Josh Hershkovitz (left), co-owner and chef at Hersh’s, and David Alima, co-owner of The Charmery, make a Caprese salad-inspired sundae.

I don’t know how that’s going to work,’” Alima said. “And slowly it kind of builds and builds and builds into this kind of thing that’s delicious and something I could never have thought of on my own.”

Customers who tried the sundae called it “interesting” and like something they’ve never had before, and were happy with their dessert purchases.

“I was expecting more of an oddball thing, but it’s delicious,” said Patrick Boyle.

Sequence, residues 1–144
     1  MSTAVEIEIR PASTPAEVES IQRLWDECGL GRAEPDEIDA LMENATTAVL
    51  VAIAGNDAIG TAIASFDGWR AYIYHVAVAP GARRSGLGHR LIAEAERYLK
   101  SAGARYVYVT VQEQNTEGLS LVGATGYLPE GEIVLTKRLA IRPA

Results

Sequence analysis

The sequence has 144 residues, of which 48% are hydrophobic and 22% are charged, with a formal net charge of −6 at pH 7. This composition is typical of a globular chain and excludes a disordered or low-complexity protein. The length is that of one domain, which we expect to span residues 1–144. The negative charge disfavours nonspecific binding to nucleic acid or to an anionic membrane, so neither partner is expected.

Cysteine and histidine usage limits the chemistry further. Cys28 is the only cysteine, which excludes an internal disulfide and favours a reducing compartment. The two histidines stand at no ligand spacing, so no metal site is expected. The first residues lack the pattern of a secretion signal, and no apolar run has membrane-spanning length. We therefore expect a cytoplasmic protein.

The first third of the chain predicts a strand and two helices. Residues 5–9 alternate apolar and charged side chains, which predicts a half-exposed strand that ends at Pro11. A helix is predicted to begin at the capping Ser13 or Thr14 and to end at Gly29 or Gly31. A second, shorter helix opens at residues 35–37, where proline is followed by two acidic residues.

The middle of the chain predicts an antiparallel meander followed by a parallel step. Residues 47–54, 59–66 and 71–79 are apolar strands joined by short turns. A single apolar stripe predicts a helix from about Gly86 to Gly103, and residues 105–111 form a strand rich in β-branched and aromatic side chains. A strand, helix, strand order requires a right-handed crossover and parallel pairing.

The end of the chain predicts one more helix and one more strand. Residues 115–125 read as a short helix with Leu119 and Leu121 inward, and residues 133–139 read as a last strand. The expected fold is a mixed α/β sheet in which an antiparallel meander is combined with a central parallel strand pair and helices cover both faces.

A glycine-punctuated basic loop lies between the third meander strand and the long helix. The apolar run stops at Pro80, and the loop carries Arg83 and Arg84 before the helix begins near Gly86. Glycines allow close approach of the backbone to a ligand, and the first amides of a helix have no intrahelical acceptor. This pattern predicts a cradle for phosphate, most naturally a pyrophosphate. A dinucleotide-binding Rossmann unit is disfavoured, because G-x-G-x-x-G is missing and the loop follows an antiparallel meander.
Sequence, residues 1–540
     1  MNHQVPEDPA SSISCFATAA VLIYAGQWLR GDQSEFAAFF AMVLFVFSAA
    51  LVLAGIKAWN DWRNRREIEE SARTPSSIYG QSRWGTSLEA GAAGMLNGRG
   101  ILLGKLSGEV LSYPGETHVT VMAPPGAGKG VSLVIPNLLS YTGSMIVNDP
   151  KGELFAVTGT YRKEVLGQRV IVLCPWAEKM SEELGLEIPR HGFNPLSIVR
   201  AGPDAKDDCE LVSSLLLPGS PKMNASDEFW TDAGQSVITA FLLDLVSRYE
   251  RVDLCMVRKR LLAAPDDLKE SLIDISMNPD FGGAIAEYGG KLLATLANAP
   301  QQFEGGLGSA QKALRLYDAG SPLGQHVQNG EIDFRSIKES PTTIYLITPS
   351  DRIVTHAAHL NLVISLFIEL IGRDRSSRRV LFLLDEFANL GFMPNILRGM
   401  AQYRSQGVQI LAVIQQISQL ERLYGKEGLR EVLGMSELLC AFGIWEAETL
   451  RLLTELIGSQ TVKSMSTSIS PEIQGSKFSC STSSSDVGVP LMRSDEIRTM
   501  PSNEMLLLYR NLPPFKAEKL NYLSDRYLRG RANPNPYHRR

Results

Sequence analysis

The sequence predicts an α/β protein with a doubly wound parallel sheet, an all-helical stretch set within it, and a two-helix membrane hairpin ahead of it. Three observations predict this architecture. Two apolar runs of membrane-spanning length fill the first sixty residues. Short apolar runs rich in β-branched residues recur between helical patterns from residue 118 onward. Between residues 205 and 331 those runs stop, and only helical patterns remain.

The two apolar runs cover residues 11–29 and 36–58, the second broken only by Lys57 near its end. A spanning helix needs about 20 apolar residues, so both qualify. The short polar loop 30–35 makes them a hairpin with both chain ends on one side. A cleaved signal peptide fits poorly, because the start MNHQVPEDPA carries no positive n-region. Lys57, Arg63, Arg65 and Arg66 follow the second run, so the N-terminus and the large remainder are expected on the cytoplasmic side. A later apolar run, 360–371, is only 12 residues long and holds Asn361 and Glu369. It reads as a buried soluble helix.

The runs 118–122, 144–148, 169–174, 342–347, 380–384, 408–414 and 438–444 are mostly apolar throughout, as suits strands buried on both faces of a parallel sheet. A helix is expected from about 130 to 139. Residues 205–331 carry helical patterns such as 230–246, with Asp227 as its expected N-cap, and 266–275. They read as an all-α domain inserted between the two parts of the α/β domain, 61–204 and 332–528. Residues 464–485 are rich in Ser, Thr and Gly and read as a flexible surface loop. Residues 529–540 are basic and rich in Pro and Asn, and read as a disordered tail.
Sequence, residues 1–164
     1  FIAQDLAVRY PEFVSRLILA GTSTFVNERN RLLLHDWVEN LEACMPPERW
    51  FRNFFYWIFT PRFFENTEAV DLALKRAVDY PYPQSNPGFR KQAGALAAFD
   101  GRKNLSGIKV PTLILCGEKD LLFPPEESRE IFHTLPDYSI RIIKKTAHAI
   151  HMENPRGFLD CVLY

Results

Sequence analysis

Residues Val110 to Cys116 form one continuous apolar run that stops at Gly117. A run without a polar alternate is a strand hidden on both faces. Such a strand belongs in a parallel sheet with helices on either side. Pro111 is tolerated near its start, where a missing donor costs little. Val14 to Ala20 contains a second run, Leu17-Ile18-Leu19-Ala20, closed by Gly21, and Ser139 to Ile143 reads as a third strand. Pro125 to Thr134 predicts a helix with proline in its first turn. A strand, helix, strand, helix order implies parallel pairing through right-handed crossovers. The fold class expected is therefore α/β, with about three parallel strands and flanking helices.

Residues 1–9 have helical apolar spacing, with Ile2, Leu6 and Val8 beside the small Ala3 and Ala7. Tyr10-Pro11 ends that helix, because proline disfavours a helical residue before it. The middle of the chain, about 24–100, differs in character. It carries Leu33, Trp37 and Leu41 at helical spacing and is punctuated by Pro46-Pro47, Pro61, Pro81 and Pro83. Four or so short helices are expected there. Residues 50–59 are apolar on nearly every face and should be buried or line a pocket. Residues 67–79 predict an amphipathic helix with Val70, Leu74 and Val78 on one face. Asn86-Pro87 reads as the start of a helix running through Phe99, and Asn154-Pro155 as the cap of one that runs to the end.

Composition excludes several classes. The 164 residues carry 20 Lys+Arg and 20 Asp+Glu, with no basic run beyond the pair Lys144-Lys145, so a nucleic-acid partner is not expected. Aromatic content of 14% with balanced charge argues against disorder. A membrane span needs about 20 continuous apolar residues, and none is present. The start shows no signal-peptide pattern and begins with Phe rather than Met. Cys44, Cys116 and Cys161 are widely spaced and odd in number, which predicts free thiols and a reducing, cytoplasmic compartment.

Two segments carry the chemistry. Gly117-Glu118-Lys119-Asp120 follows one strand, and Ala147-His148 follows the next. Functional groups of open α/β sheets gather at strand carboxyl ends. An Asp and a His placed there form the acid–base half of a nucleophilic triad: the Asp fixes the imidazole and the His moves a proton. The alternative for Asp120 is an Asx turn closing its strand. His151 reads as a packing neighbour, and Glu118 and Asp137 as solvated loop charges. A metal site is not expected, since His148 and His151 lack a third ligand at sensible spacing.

“It’s crazy how well it all goes together,” said Soraya Bailey.

The night not only offered a one-time sundae, but a dollar from each sundae sold was donated to Seeds of Peace, the charity of Hershkovitz’s choice. The contents of the night’s tip jar were also donated to the charity.

Seeds of Peace engages young leaders from regions of conflict with various programming in hopes of achieving lasting peace.

“A few of the camps have Israeli and Palestinian kids staying in bunks together,” Hershkovitz said. “They play sports and what not, but they sit down and really start talking about things and try to get past some of the stereotypes they have of each other and really start dealing with ‘how do we make this a more livable world?’ … It seems so hopeful.”